As black-clad men burst from the shadows, the main hall door flew open. The three adventurers strode into the room. Two swords soared through the air on telekinetic lines to the waiting hands of the men of Gondor.
"Change in plans, Wormtongue."
Written by Metaphysician 11-22-2002 06:22 PM
Elsewhere in the castle, an arrow is fired from concealment at a waiting Eomer. While flying in mid-air, it slows to halt. Just as Eomer notices it, it suddenly turns around and strikes its firer, an assassin hiding in the shadows.
Eomer: "What sorcery is this!!"
Metaphysician: "Just me." Two more assassins break there surprise, and attempt to attack the two heroes. One is snapped in half by a grav distortion, the other is quickly skewered by Eomer.
Meta: "Grima had planned your death, and the death of your father, in his plot to take over Rohan. He is under orders from Saruman."
Eomer: "Saruman!! We must hurry to the king's side. . .
The two vanish at the word, reappearing in the main hall.
Written by Mg_knt 11-22-2002 06:31 PM
Mg:"Would you mind if I show Grima the error of his ways?"
Written by Tanith 11-22-2002 07:44 PM
Aragorn cautiously approached the other king. "What ails you, Theoden King? Surely you were not hurt in the furor?"
Theoden sighed. "Dark have been my dreams of late," he said, "for I fear that already you have come too late, only to see the last days of my house. Not long now shall stand the high hall which Brego son of Eorl built. Fire shall devour the high seat. What is to be done?"
Aragorn looked at Theoden with piercing eyes. Not for naught was he the foster son of Elrond the Healer. As he spoke, his voice regained the majesty that had addressed the Riders of the Mark to his true name.
"Theoden. Son of Thengel. Will you hearken to me?" asked the Heir of Isildur. "Not all is dark. Take courage, Lord of the Mark; for better help you will not find. I bid you come out before your doors and look abroad. Too long have you sat in Shadow and trusted to twisted tales and crooked promptings."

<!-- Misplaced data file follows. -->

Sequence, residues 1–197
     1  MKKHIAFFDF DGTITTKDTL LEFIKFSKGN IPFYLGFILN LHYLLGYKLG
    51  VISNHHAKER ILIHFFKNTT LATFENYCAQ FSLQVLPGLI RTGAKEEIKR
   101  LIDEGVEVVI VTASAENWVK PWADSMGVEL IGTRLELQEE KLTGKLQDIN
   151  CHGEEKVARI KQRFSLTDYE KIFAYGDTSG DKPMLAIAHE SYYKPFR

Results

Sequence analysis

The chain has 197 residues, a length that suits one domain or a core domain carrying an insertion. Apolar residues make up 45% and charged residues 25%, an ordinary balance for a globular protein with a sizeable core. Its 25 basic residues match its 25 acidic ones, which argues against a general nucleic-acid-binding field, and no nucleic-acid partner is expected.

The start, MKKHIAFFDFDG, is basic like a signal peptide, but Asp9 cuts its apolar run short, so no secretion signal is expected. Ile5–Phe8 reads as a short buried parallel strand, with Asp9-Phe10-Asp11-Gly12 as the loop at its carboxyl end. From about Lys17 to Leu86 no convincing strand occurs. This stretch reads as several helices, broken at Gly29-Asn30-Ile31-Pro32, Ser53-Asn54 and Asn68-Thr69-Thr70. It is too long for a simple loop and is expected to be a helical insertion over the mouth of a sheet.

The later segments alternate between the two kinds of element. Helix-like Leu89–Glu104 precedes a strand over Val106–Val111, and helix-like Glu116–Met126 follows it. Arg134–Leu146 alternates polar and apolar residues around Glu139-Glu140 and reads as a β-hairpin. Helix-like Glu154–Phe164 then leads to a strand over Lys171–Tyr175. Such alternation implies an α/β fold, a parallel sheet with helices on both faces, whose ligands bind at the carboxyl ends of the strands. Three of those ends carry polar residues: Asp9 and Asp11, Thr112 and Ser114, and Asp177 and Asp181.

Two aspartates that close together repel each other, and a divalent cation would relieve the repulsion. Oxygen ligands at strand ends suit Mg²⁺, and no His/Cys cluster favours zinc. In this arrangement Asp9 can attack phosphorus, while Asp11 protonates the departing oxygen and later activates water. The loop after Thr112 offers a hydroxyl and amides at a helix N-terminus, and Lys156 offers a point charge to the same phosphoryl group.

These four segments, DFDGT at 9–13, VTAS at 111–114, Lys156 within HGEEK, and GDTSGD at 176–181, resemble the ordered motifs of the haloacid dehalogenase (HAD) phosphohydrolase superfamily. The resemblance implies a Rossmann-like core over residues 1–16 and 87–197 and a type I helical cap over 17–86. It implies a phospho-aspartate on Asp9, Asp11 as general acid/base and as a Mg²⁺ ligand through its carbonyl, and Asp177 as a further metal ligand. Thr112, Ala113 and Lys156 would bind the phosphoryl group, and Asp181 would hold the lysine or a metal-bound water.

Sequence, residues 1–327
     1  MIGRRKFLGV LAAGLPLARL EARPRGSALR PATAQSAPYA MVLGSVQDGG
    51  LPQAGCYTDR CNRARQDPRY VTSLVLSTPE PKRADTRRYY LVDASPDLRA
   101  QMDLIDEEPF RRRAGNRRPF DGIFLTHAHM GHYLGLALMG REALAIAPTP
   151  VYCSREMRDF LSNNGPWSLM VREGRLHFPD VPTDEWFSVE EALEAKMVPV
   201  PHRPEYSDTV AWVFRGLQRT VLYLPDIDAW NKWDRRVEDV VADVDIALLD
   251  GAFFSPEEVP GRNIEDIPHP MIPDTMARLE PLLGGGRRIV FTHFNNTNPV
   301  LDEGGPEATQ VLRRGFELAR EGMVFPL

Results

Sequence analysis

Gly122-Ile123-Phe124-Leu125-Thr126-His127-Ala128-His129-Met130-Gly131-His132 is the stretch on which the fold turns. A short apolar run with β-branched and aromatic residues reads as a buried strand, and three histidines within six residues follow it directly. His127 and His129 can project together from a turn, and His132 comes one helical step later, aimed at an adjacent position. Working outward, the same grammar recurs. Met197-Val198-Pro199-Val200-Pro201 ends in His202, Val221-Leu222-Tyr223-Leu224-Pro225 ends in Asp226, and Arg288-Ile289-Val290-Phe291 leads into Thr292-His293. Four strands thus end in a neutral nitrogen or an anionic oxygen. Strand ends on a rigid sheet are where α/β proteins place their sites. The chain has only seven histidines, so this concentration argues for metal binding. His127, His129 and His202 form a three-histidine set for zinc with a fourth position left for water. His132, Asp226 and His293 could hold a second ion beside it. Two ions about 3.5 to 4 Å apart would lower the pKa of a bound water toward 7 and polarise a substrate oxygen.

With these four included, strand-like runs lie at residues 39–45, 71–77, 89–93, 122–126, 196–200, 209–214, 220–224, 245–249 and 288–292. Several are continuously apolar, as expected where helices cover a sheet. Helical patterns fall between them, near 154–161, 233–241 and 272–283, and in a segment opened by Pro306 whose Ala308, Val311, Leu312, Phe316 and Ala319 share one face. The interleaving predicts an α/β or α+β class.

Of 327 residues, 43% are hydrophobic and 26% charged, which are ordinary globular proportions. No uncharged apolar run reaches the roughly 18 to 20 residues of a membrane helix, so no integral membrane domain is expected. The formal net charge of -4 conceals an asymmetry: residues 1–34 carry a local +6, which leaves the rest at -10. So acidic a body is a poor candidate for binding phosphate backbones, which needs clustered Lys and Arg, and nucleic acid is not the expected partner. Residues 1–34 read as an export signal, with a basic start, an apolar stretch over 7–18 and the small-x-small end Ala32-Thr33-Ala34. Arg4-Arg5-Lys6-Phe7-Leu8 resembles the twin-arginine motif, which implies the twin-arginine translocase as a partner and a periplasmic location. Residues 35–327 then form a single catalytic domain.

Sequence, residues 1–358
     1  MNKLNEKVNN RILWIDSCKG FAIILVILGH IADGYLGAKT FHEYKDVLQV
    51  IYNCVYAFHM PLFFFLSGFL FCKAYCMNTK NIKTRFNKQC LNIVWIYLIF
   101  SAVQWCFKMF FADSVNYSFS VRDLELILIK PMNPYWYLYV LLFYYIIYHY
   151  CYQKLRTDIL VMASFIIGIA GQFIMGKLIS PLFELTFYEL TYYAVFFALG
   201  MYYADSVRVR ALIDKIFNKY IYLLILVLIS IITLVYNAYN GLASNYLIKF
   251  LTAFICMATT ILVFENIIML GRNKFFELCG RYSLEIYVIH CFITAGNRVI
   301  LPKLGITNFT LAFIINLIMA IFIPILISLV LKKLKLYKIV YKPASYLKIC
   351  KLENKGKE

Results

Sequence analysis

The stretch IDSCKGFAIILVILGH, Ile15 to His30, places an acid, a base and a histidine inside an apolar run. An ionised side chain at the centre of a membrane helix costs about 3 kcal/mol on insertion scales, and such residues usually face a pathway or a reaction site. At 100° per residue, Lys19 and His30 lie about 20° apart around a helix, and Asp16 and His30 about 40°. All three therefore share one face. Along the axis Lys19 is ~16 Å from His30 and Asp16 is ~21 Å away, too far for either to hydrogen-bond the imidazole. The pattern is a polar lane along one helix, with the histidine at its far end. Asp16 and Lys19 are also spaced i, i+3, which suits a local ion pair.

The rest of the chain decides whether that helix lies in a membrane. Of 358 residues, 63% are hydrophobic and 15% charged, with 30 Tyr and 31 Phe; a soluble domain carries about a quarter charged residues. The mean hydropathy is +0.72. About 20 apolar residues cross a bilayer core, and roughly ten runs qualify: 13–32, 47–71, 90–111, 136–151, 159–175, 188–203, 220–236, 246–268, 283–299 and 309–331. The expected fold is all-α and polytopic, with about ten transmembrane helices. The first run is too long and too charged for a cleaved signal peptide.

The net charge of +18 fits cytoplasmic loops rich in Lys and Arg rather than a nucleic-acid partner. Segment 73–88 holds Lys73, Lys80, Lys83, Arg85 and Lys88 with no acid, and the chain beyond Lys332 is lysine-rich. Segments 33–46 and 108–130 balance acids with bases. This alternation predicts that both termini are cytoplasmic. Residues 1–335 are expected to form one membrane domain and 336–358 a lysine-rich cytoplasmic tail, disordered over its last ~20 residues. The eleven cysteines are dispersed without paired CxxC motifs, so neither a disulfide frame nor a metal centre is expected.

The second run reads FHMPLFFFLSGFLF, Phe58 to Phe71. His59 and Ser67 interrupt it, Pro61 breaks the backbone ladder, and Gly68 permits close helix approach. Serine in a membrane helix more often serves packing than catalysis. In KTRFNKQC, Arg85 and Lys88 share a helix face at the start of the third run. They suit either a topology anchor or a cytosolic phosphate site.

Slowly, Theoden left his chair. A faint light grew in the hall again. They came to the doors that had been burst open by the guards and two of the outlanders.
"Hail!" cried Aragorn. "The Lord of the Mark comes forth!"
As they stepped across the threshold of the gate, Aragorn turned to Theoden. "Now, lord. Look out upon your land! Breathe the free air again!"
From the porch upon the top of the high terrace they could see beyond the stream green fields of Rohan fading into distant grey. Suddenly through a rent in the clouds in the distance, a shaft of sun stabbed down. Far away, the river glittered like a shimmering glass. Even as the king gazed out at his land, Eomer rushed back to the gates and came to an abrupt halt as he took in the changes to his uncle. A maiden, fair as the day, also stepped out from within the hall. Thus it is that Eowyn, the sister of Eomer, first beheld Isildur's Heir Aragorn.
"It is not so dark here," said Theoden quietly.
"No," said Aragorn. "Nor does age lie so heavily on your shoulders as some would have you think. Cast aside your prop!"
From the king's hand the black staff fell clattering on the stones. Theoden drew himself up, slowly, as a man that is stiff from long bending over some dull toil. Now tall and straight he stood, and his eyes were blue as he looked into the opening sky.
"There is no time to ell all that you should hear," said Aragorn. "From the Riders of the Mark and the scouts upon thy border, Rohan itself is indeed in peril. For while the forces within Orthanc have been timely destroyed, the forces of Saruman there yet are many. And still, the Dark Lord is regaining his strength in the East, under the black shadows of Mordor. But see! you dream no longer. You live. Gondor and Rohan do not stand alone. The enemy is strong beyond reckoning, yet we have a hope at which he has not guessed."